I stood in the entryway of my middle-class home in my above-average neighborhood, and my eyes scanned my lovely surroundings. I took in my leather sofa, my overstuffed chair, and the large portrait of my beautiful family.
And I wept.
I didn't cry because it wasn't nice or good enough.
I cried because it was too much.
It was my first day back from a life-wrecking trip to Africa, and I was burdened with more than the heavy luggage at my feet or the desperate need for a bed and shower. I was burdened with my mess.
At a glance, my home looked neat and tidy. Everything had a place; there was order. I've always been one of those irritating neat freaks, organized almost to a fault, and friends would scoff at my so-called mess.
But then sometimes we discover that we are the mess.
I traveled to Kenya in 2010 as a blogger with Compassion International. I knew it would be a life-changing trip, but I had no idea just how much it would alter my family and our future. I added new words and phrases like slums and orphan-led home and prostitution-for-food to my vocabulary. I stood on garbage floors where children slept, I walked through sewage on my way to cardboard shanty homes, and I inhaled smells I will never forget. I met the poorest of the poor—people who had nothing, not even enough to eat.
One of the people I met that day was a boy named Vincent, a sponsored child who was an orphan and also served as parent to his little brother. While we were standing there, I was startled when water began dripping through the cracks in the tin roof and hitting me on the head. I tried to move out of the way. I blocked out the sounds coming through the community toilet's walls, one that Vincent and his brother shared with their neighbors. I closed my eyes and listened to Vincent tell us how he walked miles to school every day, coming and going in the dark.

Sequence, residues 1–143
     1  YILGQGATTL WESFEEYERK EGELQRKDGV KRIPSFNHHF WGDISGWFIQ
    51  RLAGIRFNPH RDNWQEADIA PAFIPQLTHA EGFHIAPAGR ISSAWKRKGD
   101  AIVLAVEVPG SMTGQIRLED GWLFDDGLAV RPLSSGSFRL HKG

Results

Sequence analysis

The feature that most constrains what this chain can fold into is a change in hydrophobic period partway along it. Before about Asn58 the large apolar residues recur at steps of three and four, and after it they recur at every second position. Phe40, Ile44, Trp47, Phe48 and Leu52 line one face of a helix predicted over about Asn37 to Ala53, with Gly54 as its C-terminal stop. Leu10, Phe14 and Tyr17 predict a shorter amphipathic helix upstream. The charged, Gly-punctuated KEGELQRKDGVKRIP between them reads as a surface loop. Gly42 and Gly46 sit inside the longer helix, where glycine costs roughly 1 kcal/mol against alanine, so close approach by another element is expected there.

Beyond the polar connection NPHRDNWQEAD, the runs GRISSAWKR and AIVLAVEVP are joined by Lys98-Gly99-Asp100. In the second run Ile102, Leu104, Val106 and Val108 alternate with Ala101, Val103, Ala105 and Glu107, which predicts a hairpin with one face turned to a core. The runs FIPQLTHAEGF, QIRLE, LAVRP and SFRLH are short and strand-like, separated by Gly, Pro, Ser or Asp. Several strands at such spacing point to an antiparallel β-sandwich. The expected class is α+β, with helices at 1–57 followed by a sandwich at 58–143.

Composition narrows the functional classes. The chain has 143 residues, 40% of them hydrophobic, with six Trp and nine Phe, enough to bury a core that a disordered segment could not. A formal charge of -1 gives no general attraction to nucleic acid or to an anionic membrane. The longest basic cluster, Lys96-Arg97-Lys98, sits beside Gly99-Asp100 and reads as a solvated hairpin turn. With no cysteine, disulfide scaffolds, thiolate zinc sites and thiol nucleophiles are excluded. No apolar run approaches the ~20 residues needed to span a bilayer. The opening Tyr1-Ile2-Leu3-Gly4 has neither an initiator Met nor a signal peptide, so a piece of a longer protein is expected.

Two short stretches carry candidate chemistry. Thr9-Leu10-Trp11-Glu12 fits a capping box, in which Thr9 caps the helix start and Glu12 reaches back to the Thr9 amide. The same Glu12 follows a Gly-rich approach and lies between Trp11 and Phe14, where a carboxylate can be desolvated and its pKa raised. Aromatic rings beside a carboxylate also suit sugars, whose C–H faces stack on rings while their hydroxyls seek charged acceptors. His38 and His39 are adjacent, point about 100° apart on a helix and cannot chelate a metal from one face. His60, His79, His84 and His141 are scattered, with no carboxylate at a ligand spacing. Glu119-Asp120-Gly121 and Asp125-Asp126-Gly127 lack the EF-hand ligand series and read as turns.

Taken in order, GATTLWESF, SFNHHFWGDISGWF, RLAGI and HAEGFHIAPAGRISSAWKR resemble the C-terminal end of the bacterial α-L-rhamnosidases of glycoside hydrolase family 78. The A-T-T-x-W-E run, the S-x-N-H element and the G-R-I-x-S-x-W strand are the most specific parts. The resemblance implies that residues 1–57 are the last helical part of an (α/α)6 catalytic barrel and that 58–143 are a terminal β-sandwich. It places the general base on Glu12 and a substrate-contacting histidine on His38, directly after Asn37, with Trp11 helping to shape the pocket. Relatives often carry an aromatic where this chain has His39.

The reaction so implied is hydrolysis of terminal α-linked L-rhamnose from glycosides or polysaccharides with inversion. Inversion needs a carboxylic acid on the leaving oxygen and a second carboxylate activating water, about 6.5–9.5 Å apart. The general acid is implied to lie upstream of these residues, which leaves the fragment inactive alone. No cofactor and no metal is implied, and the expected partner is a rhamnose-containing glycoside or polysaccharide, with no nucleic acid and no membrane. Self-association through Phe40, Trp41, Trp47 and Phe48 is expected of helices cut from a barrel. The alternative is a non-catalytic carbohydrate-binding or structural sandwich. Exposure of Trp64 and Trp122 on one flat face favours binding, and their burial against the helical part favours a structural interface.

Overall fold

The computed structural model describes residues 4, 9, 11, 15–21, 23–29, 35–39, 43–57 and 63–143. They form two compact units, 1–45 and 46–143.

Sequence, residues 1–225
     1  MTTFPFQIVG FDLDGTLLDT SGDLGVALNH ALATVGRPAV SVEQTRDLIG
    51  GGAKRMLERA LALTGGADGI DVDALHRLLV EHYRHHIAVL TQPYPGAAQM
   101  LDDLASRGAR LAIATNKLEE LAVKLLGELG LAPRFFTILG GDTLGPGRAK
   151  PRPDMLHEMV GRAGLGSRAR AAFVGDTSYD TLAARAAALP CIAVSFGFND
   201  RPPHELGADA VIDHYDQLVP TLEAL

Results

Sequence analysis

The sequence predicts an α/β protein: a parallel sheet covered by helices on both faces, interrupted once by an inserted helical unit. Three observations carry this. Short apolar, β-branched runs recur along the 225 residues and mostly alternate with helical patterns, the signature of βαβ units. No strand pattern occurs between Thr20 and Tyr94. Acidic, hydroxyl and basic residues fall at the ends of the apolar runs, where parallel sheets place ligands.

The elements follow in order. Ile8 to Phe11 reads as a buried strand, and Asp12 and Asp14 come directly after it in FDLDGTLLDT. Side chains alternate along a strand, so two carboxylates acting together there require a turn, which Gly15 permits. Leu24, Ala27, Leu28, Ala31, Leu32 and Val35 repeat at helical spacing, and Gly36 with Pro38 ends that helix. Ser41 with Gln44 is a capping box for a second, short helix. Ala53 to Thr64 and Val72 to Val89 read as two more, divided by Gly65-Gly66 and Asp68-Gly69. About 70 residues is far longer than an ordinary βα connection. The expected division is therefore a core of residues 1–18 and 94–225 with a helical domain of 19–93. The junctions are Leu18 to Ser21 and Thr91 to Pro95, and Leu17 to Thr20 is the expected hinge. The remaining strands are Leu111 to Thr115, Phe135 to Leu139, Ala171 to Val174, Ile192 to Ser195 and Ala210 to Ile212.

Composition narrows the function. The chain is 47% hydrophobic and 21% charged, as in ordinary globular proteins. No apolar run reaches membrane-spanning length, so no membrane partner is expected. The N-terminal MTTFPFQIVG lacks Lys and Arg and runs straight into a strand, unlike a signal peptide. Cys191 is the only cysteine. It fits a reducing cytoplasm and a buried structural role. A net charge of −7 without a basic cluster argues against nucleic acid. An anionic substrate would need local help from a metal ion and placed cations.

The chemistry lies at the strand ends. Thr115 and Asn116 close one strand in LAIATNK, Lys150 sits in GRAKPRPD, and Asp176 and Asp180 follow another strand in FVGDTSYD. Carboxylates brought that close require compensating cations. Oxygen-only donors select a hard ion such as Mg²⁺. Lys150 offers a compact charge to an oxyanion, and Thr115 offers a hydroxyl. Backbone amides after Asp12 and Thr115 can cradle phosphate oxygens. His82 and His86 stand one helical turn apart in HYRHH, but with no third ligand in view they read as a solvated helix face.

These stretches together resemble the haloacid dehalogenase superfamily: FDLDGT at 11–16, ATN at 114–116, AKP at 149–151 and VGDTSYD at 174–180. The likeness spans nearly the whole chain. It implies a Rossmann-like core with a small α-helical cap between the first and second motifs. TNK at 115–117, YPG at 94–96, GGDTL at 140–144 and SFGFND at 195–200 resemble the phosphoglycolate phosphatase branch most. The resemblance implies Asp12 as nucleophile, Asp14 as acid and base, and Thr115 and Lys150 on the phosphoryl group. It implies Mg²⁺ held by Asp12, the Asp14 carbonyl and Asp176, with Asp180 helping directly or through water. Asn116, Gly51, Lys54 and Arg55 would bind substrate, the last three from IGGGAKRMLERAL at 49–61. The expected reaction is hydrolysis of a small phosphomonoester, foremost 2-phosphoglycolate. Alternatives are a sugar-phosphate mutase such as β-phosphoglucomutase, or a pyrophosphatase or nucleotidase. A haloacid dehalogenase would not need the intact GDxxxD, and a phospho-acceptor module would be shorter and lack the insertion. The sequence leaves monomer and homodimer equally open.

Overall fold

When I opened my eyes and looked at Vincent, he looked so peaceful. The light that radiated from his eyes filled the dark room of his hovel. How can he be so content with so little?
I couldn't stop the questions from coming out of my mouth. "Why are you so happy? Why aren't you afraid?"
He looked at me as if I'd missed it entirely. "Because I have Jesus."
He didn't say anything else. He didn't have to. It was enough.
He was right; I had missed it. Entirely.
I said I lived for Jesus but the truth was that Jesus really wasn't enough for me. Not like he was for Vincent.
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For Further StudyDownloadable resources to go deeper
- Carolyn Custis James: What It Means to Be a Woman in MinistryeBook Format Available! Author and speaker Carolyn Custis James offers leadership insights for women.